The trial initially enrolled 18 volunteers, for whom the Covid-19 vaccine was dosed on 18 June 2020 and the second group of 20 healthy volunteers were dosed on 23 June 2020
Russia’s Sechenov First Moscow State Medical University (Sechenov University) has reportedly completed the clinical trials of the coronavirus vaccine on volunteers.
According to the Russian news agency Sputnik, the university has started the clinical study of a vaccine against SARS-CoV-2 that causes Covid-19 produced by Russia’s Gamalei Institute, an epidemiology research centre in Moscow.
The Russian Ministry of Health has granted approval for the clinical trial on 16 June.
Sechenov University medical parasitology, tropical, and vector-borne diseases institute director Alexander Lukashev said that the clinical trial was aimed at evaluating the safety of Covid-19 vaccine on humans.
The trial initially enrolled 18 volunteers, for whom the Covid-19 vaccine was dosed on 18 June 2020 and the second group of 20 healthy volunteers were dosed on 23 June 2020.
The clinical trial at Sechenov University used the lyophilised Covid-19 vaccine
The clinical trial is designed to enrol male and female volunteers, aged 18 to 65 years at Sechenov University, and receive the lyophilised Covid-19 vaccine, a powder from which a solution is prepared for intramuscular injection.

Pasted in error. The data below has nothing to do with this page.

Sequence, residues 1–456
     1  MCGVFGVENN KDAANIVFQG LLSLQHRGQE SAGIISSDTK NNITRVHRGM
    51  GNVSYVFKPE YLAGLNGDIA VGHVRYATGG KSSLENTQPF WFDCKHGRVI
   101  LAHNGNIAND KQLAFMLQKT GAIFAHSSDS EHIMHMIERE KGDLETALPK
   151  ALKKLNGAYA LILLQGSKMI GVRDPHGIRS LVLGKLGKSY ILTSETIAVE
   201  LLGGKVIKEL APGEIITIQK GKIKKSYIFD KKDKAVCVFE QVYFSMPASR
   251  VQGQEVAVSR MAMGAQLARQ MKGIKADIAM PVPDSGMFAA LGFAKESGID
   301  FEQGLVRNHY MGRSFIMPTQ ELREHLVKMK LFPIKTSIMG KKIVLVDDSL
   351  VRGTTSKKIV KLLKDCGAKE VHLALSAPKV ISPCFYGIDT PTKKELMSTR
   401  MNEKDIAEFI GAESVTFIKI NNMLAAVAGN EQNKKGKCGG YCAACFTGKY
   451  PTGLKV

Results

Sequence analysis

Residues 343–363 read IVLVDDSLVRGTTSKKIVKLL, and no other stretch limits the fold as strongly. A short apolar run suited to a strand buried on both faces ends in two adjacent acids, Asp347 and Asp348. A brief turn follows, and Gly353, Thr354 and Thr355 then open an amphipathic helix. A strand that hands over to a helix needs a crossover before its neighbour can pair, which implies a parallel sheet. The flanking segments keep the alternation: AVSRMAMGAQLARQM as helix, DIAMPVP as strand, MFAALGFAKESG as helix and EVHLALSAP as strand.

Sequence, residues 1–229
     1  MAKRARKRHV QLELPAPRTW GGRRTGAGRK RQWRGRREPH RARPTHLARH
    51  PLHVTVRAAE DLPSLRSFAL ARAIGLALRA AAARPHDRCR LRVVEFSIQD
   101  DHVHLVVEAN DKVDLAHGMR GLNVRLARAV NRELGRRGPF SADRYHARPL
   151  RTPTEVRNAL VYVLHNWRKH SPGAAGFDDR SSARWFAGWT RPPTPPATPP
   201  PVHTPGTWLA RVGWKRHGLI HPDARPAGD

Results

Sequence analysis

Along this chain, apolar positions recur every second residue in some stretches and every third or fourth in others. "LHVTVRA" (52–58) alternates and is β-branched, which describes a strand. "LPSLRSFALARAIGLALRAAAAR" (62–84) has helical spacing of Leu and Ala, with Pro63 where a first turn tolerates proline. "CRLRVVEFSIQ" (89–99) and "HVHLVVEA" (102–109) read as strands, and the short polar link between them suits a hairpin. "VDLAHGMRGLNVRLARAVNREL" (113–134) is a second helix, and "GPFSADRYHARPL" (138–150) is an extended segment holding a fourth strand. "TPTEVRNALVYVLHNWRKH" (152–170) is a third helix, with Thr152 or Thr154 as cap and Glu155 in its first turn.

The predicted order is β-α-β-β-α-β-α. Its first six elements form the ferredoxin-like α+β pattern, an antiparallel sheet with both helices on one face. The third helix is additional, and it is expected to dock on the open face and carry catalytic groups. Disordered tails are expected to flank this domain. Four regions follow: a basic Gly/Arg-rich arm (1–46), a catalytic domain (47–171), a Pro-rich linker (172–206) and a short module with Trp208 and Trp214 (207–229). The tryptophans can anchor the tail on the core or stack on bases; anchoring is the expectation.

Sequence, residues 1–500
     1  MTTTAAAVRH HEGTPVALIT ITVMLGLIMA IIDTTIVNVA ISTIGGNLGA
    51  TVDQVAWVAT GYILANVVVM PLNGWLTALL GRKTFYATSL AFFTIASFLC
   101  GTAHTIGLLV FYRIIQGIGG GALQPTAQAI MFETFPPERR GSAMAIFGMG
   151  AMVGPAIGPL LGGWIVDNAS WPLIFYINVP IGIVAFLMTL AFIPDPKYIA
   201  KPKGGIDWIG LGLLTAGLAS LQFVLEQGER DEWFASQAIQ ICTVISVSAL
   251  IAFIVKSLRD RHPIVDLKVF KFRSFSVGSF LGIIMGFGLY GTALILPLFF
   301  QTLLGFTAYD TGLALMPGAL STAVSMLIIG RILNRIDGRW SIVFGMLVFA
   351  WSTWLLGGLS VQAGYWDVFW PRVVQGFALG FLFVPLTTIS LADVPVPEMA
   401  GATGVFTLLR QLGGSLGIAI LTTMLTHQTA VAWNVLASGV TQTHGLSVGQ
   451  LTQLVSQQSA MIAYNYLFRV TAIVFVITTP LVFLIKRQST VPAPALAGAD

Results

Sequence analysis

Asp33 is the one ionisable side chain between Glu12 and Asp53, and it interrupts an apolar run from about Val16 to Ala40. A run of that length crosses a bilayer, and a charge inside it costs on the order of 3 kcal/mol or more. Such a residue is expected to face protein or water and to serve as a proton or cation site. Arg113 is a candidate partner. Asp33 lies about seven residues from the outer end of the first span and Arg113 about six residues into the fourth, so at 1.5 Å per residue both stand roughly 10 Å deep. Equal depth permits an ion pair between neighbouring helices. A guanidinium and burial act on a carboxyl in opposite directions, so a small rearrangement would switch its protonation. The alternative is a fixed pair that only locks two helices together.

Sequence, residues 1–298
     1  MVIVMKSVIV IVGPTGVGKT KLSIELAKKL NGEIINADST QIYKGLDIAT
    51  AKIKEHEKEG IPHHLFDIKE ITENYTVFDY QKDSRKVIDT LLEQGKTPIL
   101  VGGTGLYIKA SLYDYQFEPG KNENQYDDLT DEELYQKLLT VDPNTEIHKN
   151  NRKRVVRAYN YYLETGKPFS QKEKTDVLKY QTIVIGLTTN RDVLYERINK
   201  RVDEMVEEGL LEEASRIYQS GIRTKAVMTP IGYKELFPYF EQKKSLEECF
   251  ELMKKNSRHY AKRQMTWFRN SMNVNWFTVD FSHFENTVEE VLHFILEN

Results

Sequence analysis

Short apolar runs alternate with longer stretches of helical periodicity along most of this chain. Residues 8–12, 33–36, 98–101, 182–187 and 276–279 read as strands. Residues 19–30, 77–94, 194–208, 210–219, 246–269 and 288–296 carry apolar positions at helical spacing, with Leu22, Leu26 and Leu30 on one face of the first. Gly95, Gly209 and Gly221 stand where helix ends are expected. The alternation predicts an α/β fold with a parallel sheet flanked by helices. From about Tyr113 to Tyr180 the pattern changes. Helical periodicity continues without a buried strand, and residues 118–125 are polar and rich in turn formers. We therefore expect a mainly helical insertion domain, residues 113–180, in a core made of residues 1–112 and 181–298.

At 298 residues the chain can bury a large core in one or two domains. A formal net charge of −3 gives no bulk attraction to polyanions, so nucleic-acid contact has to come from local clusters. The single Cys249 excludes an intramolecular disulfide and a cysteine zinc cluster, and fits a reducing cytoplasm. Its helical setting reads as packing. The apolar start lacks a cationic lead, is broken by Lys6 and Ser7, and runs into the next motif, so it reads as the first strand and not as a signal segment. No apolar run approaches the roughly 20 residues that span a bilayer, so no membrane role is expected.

The translational medicine and biotechnology institute director Vadim Tarasov told Sputnik that the university has completed the clinical trial of the vaccine, and the first group of volunteers are planned to be discharged on 15 July and the second on 20 July.
As reported by Sputnik, Tarasov said: “Sechenov University in a pandemic situation acted not only as an educational institution but also as a scientific and technological research centre that is able to participate in the creation of such important and complex products as drugs … We worked with this vaccine, starting with preclinical studies and protocol development, and clinical trials are currently underway.”
The study participants were housed in single or double wards on campus at Sechenov University, who would spend 28 days in isolation after the vaccine is being administered, to protect them from exposure to other infections, and after discharging they will be monitored for additional six months.
Few participants of the clinical trial experienced headaches and an increase in body temperature. However, the symptoms were reported resolved within 24 hours after the vaccine was administered.
Sechenov University centre for expert evaluation of medicinal products head Yelena Smolyarchuk said in a press statement that similar response to injection is typical in the case of infectious diseases, and the volunteers have returned to good health.
Furthermore, Gamaleya Institute’s vaccine is also being tested through a clinical trial at Burdenko Military Hospital in Moscow, using the liquid form of the medication.